Woodlouse Hunter, Bold Jumper, Carolina Wolf, Gray Wall Jumper – hishese are just some of the Texas spiders that lurk outside our yards, and possibly even our homes. According to a study done by Texas A & M, there are close to 900 species of spiders in Texas.
Some Texas spiders are venomous and potentially life-threatening, but some (even though they look intimidating) are harmless. To make things a little easier for you, we’ve broken down the types of Texas spiders so you can identify if they’re dangerous or not.
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Types of Common Texas Spiders
Out of the 900 species of Texas spiders, only two species are seriously poisonous to humans: the widow spiders and the recluse spiders. A handful of spider species can cause a painful poisonous bite, but the pain is similar to a bee sting. Some people can even suffer from a serious allergic reaction due to the spider bite.
The Brown Recluse spider thrives in Texas and throughout southern and Midwestern states. This type of spider is likely to live under homes, in cellars and piles of debris. The brown recluse is also likely to be found in dark, cooler areas, like attics, basements, closets, small crevices, etc. One good thing about this Texas spider is that it mostly keeps to itself and avoids all human contact.
One way to identify this spider is its eye pattern, “six eyes that sit in three pairs on the spider’s back in the pattern of a violin,” according to Texas A & M.
If you’re bitten by a Brown Recluse, you should seek medical care immediately. Within 24 hours of being bitten, the victim will experience chills, fever, nausea, and pain. When the venom enters the body, it kills the tissue surrounding the wound.
Overall: These spiders are very aggressive and can be deadly. Avoid them at all costs.
Southern Black Widow
These creepy little spiders are found all throughout the U.S., and especially in Texas. The Lone Star State is also home to the Western Black Widow, the Northern Black Widow and the Brown Widow.
To identify the Black Widow, look for a black spider with a red hourglass marking on its stomach. Creepy – we know! These Texas spiders love to hang out in dark places, like garages, basements, and under homes.
Those bitten by this dangerous little spider will have difficulty breathing and quickly lose consciousness. Anyone who has been bitten by a Black Widow should immediately seek medical help.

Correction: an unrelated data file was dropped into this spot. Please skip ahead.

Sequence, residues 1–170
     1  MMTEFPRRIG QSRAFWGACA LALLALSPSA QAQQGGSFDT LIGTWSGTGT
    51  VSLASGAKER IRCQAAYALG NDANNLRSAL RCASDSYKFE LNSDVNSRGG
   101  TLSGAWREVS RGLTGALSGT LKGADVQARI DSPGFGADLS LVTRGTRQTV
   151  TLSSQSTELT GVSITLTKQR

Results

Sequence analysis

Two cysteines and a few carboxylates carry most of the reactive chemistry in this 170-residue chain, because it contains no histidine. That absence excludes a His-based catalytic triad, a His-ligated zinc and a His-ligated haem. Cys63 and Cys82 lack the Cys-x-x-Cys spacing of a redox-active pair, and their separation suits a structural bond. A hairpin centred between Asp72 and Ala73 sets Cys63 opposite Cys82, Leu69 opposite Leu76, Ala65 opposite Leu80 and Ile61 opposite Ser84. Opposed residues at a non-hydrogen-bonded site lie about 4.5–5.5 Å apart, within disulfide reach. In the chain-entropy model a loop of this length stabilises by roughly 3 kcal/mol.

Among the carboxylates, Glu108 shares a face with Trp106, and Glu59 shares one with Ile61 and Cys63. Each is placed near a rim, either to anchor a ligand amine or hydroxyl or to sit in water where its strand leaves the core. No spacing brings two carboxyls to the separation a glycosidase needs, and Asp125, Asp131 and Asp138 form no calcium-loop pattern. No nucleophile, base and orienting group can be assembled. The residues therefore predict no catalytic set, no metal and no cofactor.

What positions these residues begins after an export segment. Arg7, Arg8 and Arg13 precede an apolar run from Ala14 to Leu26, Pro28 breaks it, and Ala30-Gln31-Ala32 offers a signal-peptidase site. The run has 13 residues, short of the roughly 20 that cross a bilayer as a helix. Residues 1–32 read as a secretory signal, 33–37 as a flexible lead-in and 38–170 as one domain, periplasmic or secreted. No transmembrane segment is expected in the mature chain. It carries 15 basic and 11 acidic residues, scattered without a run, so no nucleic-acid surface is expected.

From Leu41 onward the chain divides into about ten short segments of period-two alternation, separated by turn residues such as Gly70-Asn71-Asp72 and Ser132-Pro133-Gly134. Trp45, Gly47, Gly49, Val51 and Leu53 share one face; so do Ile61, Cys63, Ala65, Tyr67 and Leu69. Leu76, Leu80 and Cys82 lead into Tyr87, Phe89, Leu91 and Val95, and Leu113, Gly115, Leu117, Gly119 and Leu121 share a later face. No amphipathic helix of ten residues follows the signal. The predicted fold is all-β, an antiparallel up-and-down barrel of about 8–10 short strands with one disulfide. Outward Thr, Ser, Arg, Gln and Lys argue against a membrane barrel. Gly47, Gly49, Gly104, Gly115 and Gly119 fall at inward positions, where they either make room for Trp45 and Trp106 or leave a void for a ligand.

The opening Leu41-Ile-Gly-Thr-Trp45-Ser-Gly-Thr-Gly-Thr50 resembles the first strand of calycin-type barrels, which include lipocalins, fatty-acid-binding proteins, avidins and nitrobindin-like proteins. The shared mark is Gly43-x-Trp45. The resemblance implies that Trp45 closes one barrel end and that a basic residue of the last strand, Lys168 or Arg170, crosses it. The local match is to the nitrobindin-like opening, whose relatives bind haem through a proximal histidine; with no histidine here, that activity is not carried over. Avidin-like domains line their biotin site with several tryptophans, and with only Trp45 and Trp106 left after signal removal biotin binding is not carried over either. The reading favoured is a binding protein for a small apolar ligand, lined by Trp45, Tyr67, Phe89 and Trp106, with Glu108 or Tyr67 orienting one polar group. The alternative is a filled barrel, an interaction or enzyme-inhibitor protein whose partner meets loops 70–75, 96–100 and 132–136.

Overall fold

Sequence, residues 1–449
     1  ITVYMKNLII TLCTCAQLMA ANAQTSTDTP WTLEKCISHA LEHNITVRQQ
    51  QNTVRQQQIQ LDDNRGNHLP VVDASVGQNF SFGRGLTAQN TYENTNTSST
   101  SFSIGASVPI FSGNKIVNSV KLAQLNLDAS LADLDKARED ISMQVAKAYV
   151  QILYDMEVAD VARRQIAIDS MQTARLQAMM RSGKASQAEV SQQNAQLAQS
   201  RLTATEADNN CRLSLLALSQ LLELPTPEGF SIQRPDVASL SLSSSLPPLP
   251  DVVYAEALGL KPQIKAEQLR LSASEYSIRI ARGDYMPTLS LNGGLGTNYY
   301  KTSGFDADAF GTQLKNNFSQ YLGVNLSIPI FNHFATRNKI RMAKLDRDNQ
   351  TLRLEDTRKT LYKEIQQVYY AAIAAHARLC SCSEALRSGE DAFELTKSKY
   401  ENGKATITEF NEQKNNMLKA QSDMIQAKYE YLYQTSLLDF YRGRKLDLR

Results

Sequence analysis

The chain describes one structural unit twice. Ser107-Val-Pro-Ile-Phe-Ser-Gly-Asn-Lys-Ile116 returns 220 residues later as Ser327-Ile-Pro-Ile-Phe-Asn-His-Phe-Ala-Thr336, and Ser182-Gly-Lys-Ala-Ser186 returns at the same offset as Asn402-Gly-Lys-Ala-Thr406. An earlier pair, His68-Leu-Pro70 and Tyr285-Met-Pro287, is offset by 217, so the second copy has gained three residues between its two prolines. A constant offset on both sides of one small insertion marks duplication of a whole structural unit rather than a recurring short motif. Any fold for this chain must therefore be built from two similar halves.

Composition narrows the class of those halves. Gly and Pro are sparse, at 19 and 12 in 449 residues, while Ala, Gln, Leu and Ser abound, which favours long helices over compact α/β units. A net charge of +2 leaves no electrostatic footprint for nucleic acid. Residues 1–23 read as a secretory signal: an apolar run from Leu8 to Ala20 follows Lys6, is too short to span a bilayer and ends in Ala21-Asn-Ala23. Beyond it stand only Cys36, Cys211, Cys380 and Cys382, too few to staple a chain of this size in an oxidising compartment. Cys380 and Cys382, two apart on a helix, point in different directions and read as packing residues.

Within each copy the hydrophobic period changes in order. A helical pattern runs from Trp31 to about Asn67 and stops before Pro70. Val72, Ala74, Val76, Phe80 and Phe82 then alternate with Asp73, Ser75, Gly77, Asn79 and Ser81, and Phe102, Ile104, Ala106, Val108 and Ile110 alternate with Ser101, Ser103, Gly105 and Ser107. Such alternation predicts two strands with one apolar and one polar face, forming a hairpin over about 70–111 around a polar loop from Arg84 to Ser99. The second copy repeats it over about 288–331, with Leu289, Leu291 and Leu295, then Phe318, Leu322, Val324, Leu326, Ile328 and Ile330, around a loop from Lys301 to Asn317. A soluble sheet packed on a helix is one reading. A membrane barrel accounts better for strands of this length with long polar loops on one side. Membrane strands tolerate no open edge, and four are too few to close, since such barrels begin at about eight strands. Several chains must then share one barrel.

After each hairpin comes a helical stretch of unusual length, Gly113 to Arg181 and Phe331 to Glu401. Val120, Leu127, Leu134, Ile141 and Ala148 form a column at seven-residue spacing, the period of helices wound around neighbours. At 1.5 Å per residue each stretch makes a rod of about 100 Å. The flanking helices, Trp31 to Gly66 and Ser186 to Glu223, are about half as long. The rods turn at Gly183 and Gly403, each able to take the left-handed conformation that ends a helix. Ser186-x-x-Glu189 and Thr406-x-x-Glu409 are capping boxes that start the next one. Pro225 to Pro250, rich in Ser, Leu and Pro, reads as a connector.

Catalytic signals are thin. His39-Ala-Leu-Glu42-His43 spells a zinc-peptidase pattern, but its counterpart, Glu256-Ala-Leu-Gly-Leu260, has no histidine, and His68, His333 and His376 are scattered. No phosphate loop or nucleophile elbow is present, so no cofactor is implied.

Overall: These spiders are highly venomous and can be deadly. Avoid them at all costs.
Just the thought of Tarantulas make our skin crawl, and we know we’re not the only ones! These Texas spiders love to stay in the shade during those hot Texas days and hunts at night. There are numerous species of tarantulas that live in Texas. You can find Tarantulas in grasslands and semi-open areas, feeding on insects.
To identify a Tarantula, look for long hairy legs and long fangs. Their bite will cause pain, but the bite is much more dangerous if the victim suffers from an allergic reaction. The hair alone on Tarantulas can cause skin irritation for some people.
Overall: Tarantulas mind their own business, and are not poisonous to humans but can cause an allergic reaction.
As if spiders weren’t scary enough… now they can jump?! Jumping spiders are found throughout Texas, but they’re not as scary as they sound.
Jumping spiders only bite when they’re cornered or scared, and the reaction from the bite is mild and localized. You can find these Texas spiders in gardens where they enjoy hunting their prey, and they’re most active during the day.
Overall: Jumping spiders aren’t particularly harmful to humans, and their venom isn’t considered medically threatening.
These are the Texas spiders that you can commonly find around your home or in your yard or garden. They hunt their prey at night and can move very fast when they’re scared.
To identify a Wolf Spider, look for a grayish-brown color with a distinct Union Jack impression on its back. An adult Wolf Spider is about a ½ inch to 1 inch in length.
A Wolf Spider’s bite is poisonous, but not lethal. Although this spider isn’t aggressive, they will bite you if they’re provoked and should be considered dangerous to humans. Their bite may be painful, and anyone bitten should seek medical help as soon as possible.
Overall: This spider is venomous, but not aggressive.
If you’ve been bitten by a spider, seek medical help immediately, even if you’re not sure what kind of spider it was.
If you want to take precaution and make sure no Texas spiders enter your home, call Dynasty Pest Control and we’ll inspect your home (for FREE) for any pests, including spiders. We’ll eliminate any current pests in your home, and prevent others from entering.